Archives for Interviews
Recently, a reader, Jen, left an excellent question on my post about what to do when you gain weight. She wrote: "Also, I was wondering if you could write on the topic of family members commenting on weight gain. I grew up in a family that focuses a lot on weight and appearance, and doesn’t care to discuss emotional health. I’m visiting family over Thanksgiving this year, and have been ruminating and ruminating and ruminating about what my family will think of me. Some of them I haven’t seen for 3 years, so they’ll certainly notice if I’ve changed; and they’ll comment on it, too. That’s what I’m most afraid of, and why I keep thinking about Thanksgiving, and dreading it very much in the process. Currently, I don’t have tools that I can use to deal with the emotional pain of them commenting on my appearance, if they do. I’ve learned to handle my own mean comments, but comments from family members just seem too difficult to manage." Of course, she's not alone. This is a common, very common, issue that we face, whether we're recovering from an eating disorder, working on embracing our bodies or trying not to focus on weight at all. Our families might comment on how much weight we've gained or lost. They might comment on how much we're eating or not eating. They might make other comments about our appearance, which hurt us. And they might make these comments at any time, at any gathering. Which is why I wanted to explore this topic right away. (Plus, the holidays are right around the corner.) I've asked a few different experts to chime in. Today, I'm sharing an excellent response from Amy Pershing, LMSW, ACSW, the founding director of Bodywise BED Recovery Program in Ann Arbor, Mich. She's also the clinical director of the The Center for Eating Disorders in Ann Arbor, and a past Chair of The Binge Eating Disorder Association (BEDA).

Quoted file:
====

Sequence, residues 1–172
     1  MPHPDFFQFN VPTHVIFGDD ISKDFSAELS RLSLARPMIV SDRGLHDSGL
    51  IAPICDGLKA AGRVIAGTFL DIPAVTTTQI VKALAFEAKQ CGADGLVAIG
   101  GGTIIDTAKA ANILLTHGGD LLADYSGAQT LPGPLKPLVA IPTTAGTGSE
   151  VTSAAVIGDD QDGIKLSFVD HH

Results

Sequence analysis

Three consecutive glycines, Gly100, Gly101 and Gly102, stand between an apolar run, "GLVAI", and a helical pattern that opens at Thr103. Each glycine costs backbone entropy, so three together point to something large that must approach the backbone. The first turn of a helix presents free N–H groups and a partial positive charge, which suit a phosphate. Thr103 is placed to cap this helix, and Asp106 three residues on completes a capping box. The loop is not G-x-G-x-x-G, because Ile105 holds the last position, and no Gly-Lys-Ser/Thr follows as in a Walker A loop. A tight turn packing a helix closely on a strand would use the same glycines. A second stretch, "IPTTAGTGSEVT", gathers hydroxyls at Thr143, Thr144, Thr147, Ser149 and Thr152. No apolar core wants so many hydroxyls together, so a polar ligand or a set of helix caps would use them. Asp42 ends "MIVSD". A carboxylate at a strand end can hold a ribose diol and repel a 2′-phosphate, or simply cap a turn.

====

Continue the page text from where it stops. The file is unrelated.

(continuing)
Today, I’m excited and honored to share my interview with Judith Matz and Elizabeth Patch, creators of the powerful kids book Amanda's Big Dream. It tells the story of a girl who dreams of a solo in the Spring Ice Skating Show. But her confidence plummets when her skating coach makes a comment about her weight. I’ve known Judith and Elizabeth for several years now, and have featured their important work here on Weightless. Elizabeth is a high school art teacher and illustrator who creates beautiful images that reflect a diversity of body types. As she says on her website: "Happy art for every body!" Judith is a licensed clinical social worker who's been helping people overcome overeating and build a healthy relationship with food and themselves for over 25 years. She's also the author of The Diet Survivor's Handbook: 60 Lessons in Eating, Acceptance and Self-Care and Beyond a Shadow of a Diet: The Comprehensive Guide to Treating Binge Eating Disorder, Compulsive Eating, and Emotional Overeating.
Today, I'm pleased to present my interview with Karen Horneffer-Ginter, Ph.D, a psychologist and author of the book Full Cup, Thirsty Spirit: Nourishing the Soul When Life's Just Too Much. Below, Karen shares her insight into practicing self-care and overcoming obstacles to self-care, accepting ourselves and feeling difficult emotions.